TALLAHASSEE -- House Speaker Will Weatherford said Thursday he didn't support a plan that could allow Orlando's professional soccer backers secure state tax dollars for a future stadium as soon as this summer.
Both the House and Senate are nearing floor votes on plans to require stadium tax-subsidies to go through a new competition process for annual sales tax rebates where they apply to the state's jobs agency and are evaluated based on their economic impact.
But Central Florida senators, including Sens. David Simmons and Andy Gardiner, along with Orlando Mayor Buddy Dyer and other Major League Soccer backers are pushing a change to the bill to let projects like the future Orlando City Soccer Club MLS team compete for state dollars without requiring the Legislature to later sign off on the tax breaks.
The time difference is critical for Orlando’s $85 million Major League Soccer stadium which is slated to be under construction by 2015. If the project can secure the $2 million annual sales-tax rebate sooner, it can proceed with a larger, $110 million soccer palace with more amenities.
But Weatherford told reporters Thursday he didn't favor the idea.
"I think the Florida House ... is more favorable toward having a fair process where everybody has to go to the Department of Economic Opportunity before they can come back to the Legislature," Weatherford said.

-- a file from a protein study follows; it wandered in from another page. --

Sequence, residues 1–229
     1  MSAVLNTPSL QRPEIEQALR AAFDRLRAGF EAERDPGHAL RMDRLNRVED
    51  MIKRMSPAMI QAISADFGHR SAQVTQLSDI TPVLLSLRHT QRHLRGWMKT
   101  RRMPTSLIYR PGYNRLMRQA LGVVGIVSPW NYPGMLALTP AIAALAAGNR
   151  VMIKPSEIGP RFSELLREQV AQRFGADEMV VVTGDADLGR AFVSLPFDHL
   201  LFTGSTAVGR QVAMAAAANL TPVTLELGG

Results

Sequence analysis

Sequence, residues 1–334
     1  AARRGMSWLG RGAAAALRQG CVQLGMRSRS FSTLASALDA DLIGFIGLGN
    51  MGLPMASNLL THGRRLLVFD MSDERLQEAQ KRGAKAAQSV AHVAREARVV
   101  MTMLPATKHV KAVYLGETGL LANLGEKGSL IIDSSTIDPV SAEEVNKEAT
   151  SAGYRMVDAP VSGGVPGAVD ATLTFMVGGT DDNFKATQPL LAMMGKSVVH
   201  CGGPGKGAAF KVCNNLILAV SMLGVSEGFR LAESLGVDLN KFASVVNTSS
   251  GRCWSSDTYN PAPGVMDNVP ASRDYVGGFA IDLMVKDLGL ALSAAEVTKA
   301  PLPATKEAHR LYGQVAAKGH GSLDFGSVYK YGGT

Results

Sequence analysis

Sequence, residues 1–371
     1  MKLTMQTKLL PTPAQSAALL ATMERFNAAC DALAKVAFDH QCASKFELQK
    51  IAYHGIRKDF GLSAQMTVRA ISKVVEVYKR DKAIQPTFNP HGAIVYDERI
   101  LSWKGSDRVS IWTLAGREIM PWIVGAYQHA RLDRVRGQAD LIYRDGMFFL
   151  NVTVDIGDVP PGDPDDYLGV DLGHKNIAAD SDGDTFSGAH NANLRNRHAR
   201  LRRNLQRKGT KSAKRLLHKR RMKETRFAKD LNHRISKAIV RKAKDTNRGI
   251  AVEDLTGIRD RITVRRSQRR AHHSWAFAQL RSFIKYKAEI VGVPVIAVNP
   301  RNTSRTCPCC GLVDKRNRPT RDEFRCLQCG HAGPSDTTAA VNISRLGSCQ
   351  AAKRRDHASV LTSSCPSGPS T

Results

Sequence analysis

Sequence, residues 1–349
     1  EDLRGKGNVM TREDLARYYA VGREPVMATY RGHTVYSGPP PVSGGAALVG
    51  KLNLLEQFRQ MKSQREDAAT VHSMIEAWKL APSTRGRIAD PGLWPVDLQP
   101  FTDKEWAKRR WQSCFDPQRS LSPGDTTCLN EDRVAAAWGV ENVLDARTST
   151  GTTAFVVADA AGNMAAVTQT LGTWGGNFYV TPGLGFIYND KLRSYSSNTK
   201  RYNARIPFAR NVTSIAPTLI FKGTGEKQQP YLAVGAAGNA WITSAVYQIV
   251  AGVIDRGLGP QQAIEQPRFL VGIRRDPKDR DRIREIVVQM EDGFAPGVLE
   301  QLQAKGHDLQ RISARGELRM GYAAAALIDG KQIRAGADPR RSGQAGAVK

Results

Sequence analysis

"We just think that's a way to create equity in the system and probably the best policy position for us to have."
Weatherford got lobbied this week on the stadium bill by soccer superstar David Beckham, who wants to build a second MLS stadium in Miami. But he also killed a similar stadium incentive bill last session.
Senate leaders are already expecting the final contours of the package to be decided on the last days before session ends May 2. Dyer this week said the amendment removing the return trip to Tallahassee for stadium projects would be an "end of session" fight.